Cyclone Vayu: Thousands evacuated as tropical storm heads for India’s Gujarat coast

India’s prime minister ‘praying for the safety and wellbeing’ of thousands affected by incoming tropical storm

Corazon Miller
Wednesday 12 June 2019 20:13 BST
India prepares for Cyclone Vayu downfall

Indian authorities have evacuated hundreds of thousands of people in preparation for the second major storm of the season currently barrelling towards its northwest coast.

Cyclone Vayu is expected to make landfall in Gujarat state, on India’s western coast on the afternoon of 13 June.

As the tropical storm hits, it’s expected to bring with it potentially damaging winds gusts of up to 112mph, and sea surges of up to 6½ feet that could flood low-lying coastal areas.

The cyclone, named after the Hindi word for wind, was then forecast to skirt around India’s coast as it travelled west towards Pakistan, retaining its strength for up to 12 hours.

The severe weather follows just over a month on from when the devastating Cyclone Fani hit India’s eastern coast on the Bay of Bengal, killing 34 in India and 15 in neighbouring Bangladesh.

The scale of the possible damage from the latest cyclone wasn’t clear, but meteorologists predicted it had the potential to damage thatched homes, flood key routes, damage crops, uproot trees, contaminate drinking water supplies and disrupt communication and power.

Local authorities were on high alert on Wednesday as they prepared for the storm which was building in the Arabian Sea.

Home minister Amit Shah held a meeting with government and military officials, as the air force airlifted 40 National Disaster Response Force rescue and relief teams to the western coast in preparation for the cyclone hitting.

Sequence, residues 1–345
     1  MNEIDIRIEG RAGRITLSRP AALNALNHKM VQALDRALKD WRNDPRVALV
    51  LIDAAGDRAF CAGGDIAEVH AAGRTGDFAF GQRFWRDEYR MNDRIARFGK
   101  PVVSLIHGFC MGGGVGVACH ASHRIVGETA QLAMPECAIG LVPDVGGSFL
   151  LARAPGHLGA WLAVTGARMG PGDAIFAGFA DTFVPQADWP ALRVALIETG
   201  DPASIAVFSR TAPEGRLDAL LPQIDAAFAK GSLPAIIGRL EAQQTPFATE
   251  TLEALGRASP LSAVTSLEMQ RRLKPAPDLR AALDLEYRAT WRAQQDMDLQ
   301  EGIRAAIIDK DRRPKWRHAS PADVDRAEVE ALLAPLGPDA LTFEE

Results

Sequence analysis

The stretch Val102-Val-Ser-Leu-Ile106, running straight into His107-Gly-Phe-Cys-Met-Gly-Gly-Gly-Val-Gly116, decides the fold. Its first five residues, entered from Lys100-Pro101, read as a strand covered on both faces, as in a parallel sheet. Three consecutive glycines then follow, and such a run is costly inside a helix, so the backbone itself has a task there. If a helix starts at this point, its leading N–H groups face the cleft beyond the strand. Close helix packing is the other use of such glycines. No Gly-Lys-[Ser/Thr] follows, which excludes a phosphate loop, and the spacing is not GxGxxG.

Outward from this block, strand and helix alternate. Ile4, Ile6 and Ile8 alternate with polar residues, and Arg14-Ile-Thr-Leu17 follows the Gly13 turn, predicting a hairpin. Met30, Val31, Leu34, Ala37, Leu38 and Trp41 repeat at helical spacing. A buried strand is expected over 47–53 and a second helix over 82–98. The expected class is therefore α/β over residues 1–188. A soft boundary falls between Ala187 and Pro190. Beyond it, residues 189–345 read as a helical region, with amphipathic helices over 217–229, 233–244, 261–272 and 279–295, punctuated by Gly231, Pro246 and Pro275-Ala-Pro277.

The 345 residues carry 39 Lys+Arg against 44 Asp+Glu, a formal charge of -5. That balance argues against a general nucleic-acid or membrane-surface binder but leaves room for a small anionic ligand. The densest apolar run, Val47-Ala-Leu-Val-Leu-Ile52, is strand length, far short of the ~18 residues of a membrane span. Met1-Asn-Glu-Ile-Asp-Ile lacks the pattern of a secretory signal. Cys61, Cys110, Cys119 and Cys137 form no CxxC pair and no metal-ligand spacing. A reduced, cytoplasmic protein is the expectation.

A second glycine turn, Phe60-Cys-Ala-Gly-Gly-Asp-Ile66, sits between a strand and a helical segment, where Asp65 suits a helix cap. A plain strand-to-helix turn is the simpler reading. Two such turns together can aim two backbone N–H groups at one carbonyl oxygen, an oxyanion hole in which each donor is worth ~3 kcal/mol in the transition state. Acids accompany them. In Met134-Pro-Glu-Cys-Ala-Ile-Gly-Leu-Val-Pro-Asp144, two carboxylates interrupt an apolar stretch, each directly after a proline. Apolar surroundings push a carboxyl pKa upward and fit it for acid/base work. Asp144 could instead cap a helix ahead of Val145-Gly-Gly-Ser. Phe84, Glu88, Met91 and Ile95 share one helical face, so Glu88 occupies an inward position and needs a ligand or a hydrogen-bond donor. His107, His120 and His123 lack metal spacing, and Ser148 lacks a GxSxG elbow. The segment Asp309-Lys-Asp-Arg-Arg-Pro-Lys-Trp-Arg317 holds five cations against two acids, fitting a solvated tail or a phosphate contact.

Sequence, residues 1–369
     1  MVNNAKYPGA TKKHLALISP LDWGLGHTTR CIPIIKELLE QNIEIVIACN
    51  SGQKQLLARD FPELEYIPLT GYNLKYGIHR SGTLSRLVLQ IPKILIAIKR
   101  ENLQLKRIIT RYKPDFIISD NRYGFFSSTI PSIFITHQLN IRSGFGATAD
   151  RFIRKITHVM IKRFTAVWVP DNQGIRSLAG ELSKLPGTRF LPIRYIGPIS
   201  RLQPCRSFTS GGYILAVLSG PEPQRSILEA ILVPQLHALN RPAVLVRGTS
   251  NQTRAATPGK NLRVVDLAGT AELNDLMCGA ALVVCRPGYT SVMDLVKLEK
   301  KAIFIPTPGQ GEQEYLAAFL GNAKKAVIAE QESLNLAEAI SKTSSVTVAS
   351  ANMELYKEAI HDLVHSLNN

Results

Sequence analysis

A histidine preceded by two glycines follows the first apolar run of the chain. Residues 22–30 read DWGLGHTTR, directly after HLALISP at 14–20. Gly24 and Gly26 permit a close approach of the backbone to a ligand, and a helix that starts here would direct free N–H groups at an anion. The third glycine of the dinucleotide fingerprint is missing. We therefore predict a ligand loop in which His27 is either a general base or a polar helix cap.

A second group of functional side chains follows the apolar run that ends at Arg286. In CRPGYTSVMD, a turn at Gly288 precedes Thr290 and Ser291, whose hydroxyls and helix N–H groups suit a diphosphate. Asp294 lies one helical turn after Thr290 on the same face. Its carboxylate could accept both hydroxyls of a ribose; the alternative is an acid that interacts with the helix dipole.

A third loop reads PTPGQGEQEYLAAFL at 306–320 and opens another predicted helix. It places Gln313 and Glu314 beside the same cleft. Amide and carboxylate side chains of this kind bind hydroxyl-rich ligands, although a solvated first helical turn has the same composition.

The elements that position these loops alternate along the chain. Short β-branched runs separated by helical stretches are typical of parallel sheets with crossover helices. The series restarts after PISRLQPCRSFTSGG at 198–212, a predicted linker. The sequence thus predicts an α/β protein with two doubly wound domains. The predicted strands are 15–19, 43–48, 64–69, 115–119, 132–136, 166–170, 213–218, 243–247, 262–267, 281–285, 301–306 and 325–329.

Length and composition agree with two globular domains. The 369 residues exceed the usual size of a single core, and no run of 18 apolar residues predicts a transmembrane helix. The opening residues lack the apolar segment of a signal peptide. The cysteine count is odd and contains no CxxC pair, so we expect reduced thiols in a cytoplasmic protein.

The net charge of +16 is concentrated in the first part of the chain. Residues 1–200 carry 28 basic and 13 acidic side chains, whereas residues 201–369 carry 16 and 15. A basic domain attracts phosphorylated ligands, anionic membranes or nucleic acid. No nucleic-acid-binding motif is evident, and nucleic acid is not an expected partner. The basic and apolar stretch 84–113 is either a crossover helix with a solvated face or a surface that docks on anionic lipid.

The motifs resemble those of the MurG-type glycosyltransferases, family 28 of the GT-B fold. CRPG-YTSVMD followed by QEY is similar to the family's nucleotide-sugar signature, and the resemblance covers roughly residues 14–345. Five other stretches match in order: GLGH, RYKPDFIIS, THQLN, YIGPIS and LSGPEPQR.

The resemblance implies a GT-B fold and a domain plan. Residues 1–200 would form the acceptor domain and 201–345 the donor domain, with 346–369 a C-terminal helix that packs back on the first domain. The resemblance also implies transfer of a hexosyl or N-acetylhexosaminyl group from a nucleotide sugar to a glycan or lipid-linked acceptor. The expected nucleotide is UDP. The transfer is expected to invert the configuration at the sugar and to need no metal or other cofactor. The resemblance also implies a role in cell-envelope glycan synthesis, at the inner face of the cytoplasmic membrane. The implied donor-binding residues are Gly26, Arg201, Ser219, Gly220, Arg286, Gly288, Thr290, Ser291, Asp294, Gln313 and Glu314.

An India Meteorological Department scientist monitors Cyclone Vayu inside his office in Ahmedabad (Reuters)
An India Meteorological Department scientist monitors Cyclone Vayu inside his office in Ahmedabad (Reuters) (REUTERS)

By midday on Wednesday rescue teams had begun evacuating more than a quarter of a million people in towns and villages likely to bear the brunt of the storm.

In the ancient city of Dwarka, where many Hindu pilgrims travel every year to pray at a temple considered the centre of Lord Krishna’s kingdom, rescue workers from India’s National Disaster Response Force warned children to leave the beach.

Meanwhile, Vijay Rupani, Gujarat’s chief minister, requested tourists leave coastal areas by Wednesday afternoon.

And Narendra Modi, India’s prime minister, said on Twitter that he had “been constantly in touch with state governments” and that he was “praying for the safety and wellbeing” of all those affected.

Additional reporting by Associated Press

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